England will unleash their own version of South Africa's "Bomb Squad" after Eddie Jones took the unconventional decision to name six forwards on his eight-man bench, as well as making three changes to his starting pack, to face Scotland at Murrayfield tomorrow.
Jones believes the deployment of such forward power could prove decisive in the mission to reclaim the Calcutta Cup and insisted his side were still capable of winning rugby's Six Nations title despite the defeat by France in Paris last weekend.
It is only the fourth time in Jones' tenure he has opted to stack his replacements bench with an extra forward — the conventional split is five, with three backs.
It was a tactic the Springboks perfected on the way to winning the World Cup in Japan, including their victory over England in the final, allowing head coach Rassie Erasmus to introduce six fresh forwards, self-styled as the "Bomb Squad" because of their destructive impact.
Now Jones, who has since recruited Springbok forwards coach Matt Proudfoot, has opted for a similar selection and he believes it will be a key factor in combating the Scots, particularly at the breakdown, and in England's ability to convert pressure into points.
"We think it's going to be a high-volume, high intensity game in the forwards," Jones said. "We've got an obvious game plan against them. We're not hiding from the fact that we want to take them on up front.
"Part of the focus has been to correct our attacking inside the 22. We got in there 14 times [against France] and they got in there three. Normally, you win the test doing that, but we were unable to convert that possession and territory into points. So, we have done some work on that."
It is the pack that bears the brunt of the total of five changes from the side who lost to France. Joe Marler, Charlie Ewels (who had already been cut from the squad earlier in the week) and Courtney Lawes are omitted from the starting XV. Marler is not even in the squad.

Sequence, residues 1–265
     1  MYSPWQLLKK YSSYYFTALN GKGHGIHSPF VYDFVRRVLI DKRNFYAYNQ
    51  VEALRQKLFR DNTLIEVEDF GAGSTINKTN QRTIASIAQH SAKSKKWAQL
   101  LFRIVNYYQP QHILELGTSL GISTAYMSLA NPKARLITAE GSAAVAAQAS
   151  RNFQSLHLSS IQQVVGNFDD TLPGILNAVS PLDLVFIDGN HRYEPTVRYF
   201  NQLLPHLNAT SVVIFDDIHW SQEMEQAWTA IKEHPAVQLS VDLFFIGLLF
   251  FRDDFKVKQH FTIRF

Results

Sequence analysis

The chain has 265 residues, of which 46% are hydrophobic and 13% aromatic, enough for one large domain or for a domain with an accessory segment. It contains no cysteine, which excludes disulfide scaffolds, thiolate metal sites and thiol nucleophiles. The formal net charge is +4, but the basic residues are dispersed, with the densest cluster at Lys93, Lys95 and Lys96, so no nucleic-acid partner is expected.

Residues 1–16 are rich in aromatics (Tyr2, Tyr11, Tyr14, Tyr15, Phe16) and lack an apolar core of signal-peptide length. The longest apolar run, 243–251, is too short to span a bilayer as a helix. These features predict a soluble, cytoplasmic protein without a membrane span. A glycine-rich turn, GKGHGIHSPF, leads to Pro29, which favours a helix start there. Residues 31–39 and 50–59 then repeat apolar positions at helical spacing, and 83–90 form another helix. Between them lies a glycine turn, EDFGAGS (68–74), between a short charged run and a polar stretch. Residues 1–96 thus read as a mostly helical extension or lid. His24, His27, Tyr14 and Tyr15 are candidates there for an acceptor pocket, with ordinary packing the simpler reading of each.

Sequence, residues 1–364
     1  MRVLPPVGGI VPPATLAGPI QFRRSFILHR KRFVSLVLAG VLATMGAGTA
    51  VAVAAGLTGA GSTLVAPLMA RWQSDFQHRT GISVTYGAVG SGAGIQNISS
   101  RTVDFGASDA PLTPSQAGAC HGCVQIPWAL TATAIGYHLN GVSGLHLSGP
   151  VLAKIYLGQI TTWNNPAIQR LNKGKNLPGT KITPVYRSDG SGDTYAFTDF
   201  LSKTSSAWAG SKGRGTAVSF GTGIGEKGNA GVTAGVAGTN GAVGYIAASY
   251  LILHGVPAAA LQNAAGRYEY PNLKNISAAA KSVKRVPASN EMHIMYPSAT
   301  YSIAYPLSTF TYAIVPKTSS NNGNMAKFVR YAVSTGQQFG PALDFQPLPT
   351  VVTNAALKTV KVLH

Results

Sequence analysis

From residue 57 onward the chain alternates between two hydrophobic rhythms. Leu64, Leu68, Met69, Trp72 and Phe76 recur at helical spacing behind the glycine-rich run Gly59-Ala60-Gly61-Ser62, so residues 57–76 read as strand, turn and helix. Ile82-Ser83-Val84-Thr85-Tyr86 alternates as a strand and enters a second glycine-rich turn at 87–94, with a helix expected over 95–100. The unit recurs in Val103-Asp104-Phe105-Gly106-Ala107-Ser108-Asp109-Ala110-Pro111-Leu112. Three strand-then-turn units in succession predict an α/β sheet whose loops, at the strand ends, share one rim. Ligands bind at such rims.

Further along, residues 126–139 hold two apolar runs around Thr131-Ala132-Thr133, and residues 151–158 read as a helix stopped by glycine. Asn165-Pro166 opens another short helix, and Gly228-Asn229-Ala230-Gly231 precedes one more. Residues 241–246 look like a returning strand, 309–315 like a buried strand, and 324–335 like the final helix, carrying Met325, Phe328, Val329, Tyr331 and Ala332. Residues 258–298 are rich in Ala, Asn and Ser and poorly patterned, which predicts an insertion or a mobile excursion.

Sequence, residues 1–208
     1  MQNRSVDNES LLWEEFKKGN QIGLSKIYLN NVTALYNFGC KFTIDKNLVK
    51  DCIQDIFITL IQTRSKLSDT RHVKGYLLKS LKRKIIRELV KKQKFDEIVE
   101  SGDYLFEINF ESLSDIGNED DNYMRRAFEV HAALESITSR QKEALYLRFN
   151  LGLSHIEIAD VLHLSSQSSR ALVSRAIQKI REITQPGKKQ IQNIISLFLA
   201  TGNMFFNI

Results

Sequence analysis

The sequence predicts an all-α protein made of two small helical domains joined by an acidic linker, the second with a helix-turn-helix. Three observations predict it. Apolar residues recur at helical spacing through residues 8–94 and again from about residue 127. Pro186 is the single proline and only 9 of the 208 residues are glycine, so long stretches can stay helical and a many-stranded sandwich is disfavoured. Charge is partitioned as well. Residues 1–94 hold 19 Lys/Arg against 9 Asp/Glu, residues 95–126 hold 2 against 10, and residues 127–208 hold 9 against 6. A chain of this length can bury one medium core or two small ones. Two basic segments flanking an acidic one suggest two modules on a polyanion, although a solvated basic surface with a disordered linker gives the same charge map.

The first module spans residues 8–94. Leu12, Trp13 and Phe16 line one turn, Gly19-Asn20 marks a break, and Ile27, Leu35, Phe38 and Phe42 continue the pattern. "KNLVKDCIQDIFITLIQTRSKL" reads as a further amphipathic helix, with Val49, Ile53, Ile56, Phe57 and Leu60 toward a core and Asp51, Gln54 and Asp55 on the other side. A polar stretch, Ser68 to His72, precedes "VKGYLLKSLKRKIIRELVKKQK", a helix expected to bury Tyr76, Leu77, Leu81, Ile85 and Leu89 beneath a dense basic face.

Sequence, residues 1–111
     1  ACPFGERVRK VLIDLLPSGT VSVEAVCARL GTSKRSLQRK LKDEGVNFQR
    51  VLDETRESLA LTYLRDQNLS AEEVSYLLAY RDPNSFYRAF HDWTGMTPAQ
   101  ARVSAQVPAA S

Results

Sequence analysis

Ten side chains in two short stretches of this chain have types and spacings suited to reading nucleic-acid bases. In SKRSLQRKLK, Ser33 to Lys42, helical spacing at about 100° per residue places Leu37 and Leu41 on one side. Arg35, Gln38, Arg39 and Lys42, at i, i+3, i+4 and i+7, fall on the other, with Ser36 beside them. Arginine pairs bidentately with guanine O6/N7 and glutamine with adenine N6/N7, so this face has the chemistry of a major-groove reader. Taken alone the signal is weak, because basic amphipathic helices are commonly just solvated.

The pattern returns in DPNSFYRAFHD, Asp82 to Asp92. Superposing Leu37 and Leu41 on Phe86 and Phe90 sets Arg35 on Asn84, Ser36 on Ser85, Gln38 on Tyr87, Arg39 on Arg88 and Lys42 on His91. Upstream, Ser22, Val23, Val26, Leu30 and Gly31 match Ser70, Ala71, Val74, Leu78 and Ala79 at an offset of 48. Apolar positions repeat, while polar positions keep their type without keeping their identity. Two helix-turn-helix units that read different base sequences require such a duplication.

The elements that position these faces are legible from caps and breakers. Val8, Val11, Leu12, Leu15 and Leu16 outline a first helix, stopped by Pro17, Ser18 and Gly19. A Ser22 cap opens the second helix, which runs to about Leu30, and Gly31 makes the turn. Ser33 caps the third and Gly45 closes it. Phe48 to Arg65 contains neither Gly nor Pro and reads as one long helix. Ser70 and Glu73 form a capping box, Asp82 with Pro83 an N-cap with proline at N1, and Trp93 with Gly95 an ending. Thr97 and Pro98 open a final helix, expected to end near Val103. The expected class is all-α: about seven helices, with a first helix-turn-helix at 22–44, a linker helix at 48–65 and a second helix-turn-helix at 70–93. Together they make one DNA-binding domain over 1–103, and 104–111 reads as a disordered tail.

Jones will be hoping the changes to the pack provide more firepower to his side's ball-carrying, particularly with Mako Vunipola coming in for Marler and Lewis Ludlam for Lawes.
Meanwhile, George Kruis' cameo in Paris earns him a return ahead of Ewels in the second row, and his selection will bolster lineout options.
The backline lose one of their most trusted lieutenants under Jones — the 96-cap Ben Youngs. Kiwi Willi Heinz comes in for his first start in the Six Nations, and the first time for a full-bore international. Youngs has been off colour in his past two games and Heinz deserves his chance, even if at 33 he is not likely to be around by the time of the next World Cup in France.
It is the England bench, however, who could have the biggest impact on the contest. Ben Earl and Tom Dunn are likely to make their international debuts. Dunn was recalled when Luke Cowan-Dickie left the training camp after his wife went into labour.
Joe Launchbury, who has recovered from a knee injury, is also named among the replacements, with props Ellis Genge and Will Stuart both expected to make a late impact on the England scrum.
George Ford, who had experience of the impact South Africa's "Bomb Squad" had in the World Cup final, is expecting a significant contribution from the England bench.
"When you have got the bench that we have, whatever time they come on you are expecting a big impact," he said yesterday.
"If you are on the field and see these guys running on, it gives you a lift. You think: 'Here we go again, let's go up to another level.'
"We have got some brilliant, powerful, fresh legs coming on and we can impose that game plan even more at 50, 60 minutes.
"When you are on the back foot you have to be better at getting momentum in the game back, which we weren't good enough at doing in the first half last weekend [against France].
"The second half was a lot better and it has been a big focus."
Owen Farrell, meanwhile, is expecting a major response from his side, claiming there had been an extra edge in training this week following their defeat by France.
"We need to let go from the start — not wait and see against Scotland," the captain said.
"Being 17 points down [against France] is tough to get back from and we don't want to leave ourselves that challenge. We want to throw everything at it from the off.
"You do tend to have a bit more of a look at yourself after a loss. It allows you to be a bit more open. We have said where we want to improve and I would expect us to not just talk about it but do it, and I think we have stepped up a notch in training."